The Music is Louder than All of their Roar

August is a tough month for blogging. You’d think by now, Amanda and I would have figured this out and agreed to take the month off from blogging each year. For most of the world – August is a vacation month. For us, August is a rush to get back to school, all the while thinking about all of the things we didn’t finish this summer.

One of those things we didn’t finish is a project that we’re going to keep working at. Part of me wants to hurry up and write because I don’t want to miss a window of opportunity. The other part knows that this is going to take a while, and I shouldn’t beat myself up because I wasn’t able to get anything done this week.

I’ve promised myself that I wouldn’t talk about our project online. Some of that is because I don’t know where it will go – if anywhere. I also don’t want to put pressure on myself to get something done. That said, I like throwing ideas out there via blogging, because sometimes it sorts through what I’m thinking.

Shackled and raised for a shining crowd

Lately, I’ve been reading about pop music. Not really a stretch, I know. However, the research I’ve been working on has to do with WHY people like pop music.

Did you know that pop was originally created for women? It’s true. Even back in the days of Frank Sinatra – one of the original poster boys – the point was to attract women. It was created so that women could listen to it at home while cleaning house, or later on -piped into businesses because it kept women calm, and productive. There was even a thought that if women listened to music at work, they’d be less apt to gossip, or form groups (unions) to protest work issues.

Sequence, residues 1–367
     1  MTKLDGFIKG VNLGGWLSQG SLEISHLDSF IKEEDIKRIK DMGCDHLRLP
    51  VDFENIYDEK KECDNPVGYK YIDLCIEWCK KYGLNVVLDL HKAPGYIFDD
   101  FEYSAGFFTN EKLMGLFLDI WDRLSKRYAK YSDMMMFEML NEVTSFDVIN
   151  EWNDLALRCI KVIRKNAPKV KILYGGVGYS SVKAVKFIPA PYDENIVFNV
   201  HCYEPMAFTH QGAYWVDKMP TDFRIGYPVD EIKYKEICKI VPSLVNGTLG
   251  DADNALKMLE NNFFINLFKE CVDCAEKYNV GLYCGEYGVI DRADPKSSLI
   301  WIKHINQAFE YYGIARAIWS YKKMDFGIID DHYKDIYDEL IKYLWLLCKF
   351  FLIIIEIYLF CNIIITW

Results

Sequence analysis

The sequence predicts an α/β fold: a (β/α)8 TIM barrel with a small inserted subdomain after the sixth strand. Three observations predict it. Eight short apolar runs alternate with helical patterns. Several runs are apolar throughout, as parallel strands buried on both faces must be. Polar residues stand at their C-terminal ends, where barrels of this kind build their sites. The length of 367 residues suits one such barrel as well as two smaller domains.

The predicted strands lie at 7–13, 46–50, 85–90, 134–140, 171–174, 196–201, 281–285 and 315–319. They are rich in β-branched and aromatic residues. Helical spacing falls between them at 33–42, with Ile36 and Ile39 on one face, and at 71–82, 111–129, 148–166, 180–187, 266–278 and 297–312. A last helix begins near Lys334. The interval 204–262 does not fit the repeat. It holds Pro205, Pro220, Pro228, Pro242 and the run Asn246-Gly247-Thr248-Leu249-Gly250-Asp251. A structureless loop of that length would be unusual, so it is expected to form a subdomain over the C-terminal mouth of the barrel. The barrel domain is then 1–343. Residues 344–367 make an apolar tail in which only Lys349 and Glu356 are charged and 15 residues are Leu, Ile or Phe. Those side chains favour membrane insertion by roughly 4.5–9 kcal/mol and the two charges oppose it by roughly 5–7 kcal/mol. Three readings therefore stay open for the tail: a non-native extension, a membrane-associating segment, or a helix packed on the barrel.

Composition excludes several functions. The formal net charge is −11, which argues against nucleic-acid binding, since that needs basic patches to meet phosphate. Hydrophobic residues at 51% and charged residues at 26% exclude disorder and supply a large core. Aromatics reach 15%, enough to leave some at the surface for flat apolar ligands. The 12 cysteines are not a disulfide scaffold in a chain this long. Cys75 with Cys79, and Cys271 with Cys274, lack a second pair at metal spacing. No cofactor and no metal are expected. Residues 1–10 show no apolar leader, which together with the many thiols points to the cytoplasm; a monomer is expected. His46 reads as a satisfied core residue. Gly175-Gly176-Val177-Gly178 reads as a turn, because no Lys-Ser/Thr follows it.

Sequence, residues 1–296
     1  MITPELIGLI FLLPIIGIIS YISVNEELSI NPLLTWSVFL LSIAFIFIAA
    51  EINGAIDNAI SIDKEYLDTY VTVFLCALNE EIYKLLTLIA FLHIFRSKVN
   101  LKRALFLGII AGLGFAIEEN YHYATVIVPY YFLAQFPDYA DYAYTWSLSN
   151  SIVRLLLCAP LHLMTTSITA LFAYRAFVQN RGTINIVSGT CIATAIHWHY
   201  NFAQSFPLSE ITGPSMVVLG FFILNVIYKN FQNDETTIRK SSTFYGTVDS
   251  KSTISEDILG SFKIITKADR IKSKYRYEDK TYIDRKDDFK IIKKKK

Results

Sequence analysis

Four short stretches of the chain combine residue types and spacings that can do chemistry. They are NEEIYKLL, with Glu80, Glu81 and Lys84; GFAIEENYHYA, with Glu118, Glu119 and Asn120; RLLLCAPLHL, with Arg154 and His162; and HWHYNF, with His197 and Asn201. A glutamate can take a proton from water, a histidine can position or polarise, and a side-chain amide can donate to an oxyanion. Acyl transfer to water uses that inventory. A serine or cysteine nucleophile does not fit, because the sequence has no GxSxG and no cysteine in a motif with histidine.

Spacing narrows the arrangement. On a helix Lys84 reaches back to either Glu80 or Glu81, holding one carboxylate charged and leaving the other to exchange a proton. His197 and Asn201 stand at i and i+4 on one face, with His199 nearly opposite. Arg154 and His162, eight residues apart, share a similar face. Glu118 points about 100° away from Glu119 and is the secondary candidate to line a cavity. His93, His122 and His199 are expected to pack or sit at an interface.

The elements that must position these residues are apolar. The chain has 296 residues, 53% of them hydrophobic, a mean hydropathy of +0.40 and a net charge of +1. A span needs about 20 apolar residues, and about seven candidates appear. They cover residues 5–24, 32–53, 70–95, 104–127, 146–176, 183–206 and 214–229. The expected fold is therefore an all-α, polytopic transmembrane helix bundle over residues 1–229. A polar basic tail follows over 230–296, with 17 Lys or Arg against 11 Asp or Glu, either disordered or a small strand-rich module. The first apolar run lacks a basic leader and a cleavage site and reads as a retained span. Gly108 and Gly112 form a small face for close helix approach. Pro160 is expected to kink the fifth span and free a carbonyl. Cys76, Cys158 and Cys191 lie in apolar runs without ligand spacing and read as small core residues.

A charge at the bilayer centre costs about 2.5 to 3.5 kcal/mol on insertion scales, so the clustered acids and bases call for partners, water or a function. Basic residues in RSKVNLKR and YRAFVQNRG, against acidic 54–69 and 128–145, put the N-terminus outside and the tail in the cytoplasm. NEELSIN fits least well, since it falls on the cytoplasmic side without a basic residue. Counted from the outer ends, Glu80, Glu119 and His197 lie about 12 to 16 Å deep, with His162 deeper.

Pop music wasn’t meant for listening, oddly enough. It was originally created as music to be played on cheap speakers, so it didn’t need to have the depth or the musical texture that rock music – music made specifically for men to listen to on expensive sound systems – required. Pop stars weren’t picked because of their talents or musical abilities. They could be taught how to sing. They were marketed based on their looks, as a package deal. If you don’t quite buy into what I’m attempting to sell you, just ask yourself one simple question:

Having the time of your life

How many times did you read Tiger Beat, Seventeen, Smash Hits, Bop! Magazine, or Jackie (among a myriad of others) and actually read about the music? How many times did you read music reviews in those magazines? Concert reviews?

When I first stumbled across this notion, I immediately started going back through old teen magazines. Was it really true? They never talked about music? Really? NEVER? I couldn’t believe it. What’s more – I was appalled at myself for never noticing, but it was true. The true “teen” magazines didn’t cover music. Ever. They might suggest in an interview that a new album is coming out, or a tour might be taking place – but there were never in-depth looks beyond that. They’d be more apt to discuss Nick’s fashion sense than what keyboards he used. Why is that? Just think about it.

What’s more, I never noticed.

Scandal in white on a tangled vine

I would gleefully tear through those magazines each month, scouring each issue for all the articles on Duran Duran. I’d dissect the magazine, making sure to carefully remove pinups or photos I wanted to keep. Never once did I ever consider WHAT I was reading. I just knew that Nick loved champagne and strawberries, Roger was incredibly shy like me, and John’s nickname was Tigger. What more did I need to know?